Debian is user-friendly and performs well, not differing much from previous kernel swap recommendations. The only problem I can say about it is that some modules may be natively missing and installing extra packages is needed to have all the power available. You may also need to configure the Debian non-free repository.
* Ubuntu Minimal + OpenBox
This option, aimed at Linux users with more humble hardware, I developed personally after needing to configure an old notebook which I intended to run some games. Not just games, the extreme optimization, in this case, brings a complete system with the largest packet compatibility possible, friendly, with a simple and solid user interface, allowing you to extract more from the hardware. Okay, there is the Gentoo option, whose system is all compiled. But it takes a long time to compile and configure, and the performance gain at the end is paltry, not far from the performance of a properly configured Ubuntu Minimal. I also chose Ubuntu because most Linux games run under .deb packages, increasing compatibility. – All of Steam are in .deb. The configuration of this system, which is more complex than the SteamOS mentioned below can make it ideal even for tasks such as surfing the internet and editing images for example, because the system will have very low consumption of RAM.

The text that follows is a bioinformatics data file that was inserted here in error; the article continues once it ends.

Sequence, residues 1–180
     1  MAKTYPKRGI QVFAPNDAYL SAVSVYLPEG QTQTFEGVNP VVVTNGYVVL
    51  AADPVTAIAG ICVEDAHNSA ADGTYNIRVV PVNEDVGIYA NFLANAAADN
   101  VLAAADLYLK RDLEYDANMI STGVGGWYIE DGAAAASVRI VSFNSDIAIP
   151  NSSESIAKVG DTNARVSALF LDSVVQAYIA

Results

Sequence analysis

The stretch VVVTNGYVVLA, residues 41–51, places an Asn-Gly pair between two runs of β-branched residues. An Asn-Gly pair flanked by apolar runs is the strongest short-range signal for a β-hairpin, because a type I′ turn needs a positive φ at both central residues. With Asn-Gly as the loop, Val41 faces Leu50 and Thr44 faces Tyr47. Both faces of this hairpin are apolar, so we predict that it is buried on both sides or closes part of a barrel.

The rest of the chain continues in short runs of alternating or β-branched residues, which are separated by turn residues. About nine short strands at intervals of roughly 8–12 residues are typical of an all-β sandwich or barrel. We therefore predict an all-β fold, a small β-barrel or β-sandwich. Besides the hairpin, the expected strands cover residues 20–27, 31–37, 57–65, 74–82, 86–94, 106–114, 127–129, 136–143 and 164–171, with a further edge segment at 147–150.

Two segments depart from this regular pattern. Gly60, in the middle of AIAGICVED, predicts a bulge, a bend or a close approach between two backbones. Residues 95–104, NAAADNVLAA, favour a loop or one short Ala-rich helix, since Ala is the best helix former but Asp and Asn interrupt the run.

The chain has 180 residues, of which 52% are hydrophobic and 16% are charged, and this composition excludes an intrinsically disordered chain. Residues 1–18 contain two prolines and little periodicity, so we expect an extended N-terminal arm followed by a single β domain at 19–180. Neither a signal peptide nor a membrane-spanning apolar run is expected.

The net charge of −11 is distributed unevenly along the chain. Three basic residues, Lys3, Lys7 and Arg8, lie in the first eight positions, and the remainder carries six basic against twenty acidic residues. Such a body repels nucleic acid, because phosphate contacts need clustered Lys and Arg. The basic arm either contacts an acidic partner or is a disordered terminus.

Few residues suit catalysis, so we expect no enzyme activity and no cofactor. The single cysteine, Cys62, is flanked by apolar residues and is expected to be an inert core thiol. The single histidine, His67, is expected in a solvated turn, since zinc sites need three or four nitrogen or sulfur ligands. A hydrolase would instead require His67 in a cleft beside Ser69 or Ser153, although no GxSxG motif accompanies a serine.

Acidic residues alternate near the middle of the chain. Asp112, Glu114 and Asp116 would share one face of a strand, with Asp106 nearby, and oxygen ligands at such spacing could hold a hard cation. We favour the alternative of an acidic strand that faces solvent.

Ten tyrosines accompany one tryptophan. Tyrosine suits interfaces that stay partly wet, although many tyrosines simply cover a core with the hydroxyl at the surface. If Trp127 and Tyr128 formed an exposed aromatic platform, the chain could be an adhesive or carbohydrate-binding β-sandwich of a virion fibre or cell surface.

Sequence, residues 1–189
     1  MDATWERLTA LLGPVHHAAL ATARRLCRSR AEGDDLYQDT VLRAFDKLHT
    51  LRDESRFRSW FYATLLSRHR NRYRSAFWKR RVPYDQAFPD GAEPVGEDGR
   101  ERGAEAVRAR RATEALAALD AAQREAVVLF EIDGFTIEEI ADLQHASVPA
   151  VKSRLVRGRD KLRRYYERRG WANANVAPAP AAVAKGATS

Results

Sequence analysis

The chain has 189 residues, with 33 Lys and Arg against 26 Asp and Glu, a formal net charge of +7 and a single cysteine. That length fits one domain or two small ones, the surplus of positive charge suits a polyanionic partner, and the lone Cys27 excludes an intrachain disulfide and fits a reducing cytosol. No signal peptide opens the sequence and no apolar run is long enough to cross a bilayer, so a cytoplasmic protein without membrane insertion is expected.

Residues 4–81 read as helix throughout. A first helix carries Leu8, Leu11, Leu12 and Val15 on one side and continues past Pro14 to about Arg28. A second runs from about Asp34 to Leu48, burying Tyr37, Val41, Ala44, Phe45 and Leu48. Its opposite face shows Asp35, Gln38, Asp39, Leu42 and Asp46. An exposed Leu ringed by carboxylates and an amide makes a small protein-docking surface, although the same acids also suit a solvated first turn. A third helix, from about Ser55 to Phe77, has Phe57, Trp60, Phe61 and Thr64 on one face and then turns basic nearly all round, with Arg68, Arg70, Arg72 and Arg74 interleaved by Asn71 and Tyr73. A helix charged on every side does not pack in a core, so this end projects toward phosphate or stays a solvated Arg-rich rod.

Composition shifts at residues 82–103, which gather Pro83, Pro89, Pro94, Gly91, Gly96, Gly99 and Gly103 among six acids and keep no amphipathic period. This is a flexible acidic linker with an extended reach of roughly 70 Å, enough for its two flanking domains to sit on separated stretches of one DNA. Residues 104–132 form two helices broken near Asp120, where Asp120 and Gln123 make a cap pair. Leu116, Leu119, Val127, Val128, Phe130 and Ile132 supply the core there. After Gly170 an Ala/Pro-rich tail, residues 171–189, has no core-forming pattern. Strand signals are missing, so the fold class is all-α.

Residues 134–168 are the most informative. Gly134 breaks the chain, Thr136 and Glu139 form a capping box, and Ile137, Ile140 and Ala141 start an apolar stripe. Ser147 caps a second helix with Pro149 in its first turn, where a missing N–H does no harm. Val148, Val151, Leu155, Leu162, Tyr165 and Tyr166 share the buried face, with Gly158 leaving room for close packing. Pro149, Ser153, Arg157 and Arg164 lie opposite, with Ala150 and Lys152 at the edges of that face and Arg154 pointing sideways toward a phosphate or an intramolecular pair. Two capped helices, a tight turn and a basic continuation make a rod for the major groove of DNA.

I’ve added some interesting information: I ran Windows 7 under VirtualBox on a minimally configured system like this. With XOrg and OpenBox tuned, everything works well, even if it’s aesthetically appealing – but the focus here is the maximum performance, so it was a success!
The choice of OpenBox interface was for some reasons:
- Solid interface (few bugs)
- Easy to set up
- Many features
- Simple to use
- Highly compatible with software
- Extremely lightweight interface, consuming few hardware resources
The properly configured OpenBox interface resembles a 90s system. But aesthetic “horror” brings with it the advantage of minimally consuming hardware resources, allowing you to take better advantage of the system. The information I cannot forget: Ubuntu Minimal + OpenBox starts consuming only 60Mb of RAM. This absurdity of lightness already provides the graphics server required to run Steam games, Wine and the like. The detail that the graphics drivers and their communication with Xorg are under the responsibility of the kernel. Since Ubuntu Minimal has a 4.4.x kernel by default, and you plan to run that kernel on a more modern computer (such as a Core i7 and Geforce 1060) then upgrade it to a newer one such as 4.14.x LTS. The package can be downloaded by clicking here and installed with a deb package manager like “gdebi“! This way you will also have the most current drivers from the Vulkan, MESA and/or OpenGL library.
To install gdebi, use:
$ sudo apt install gdebi
Excited to use this method? Do the following: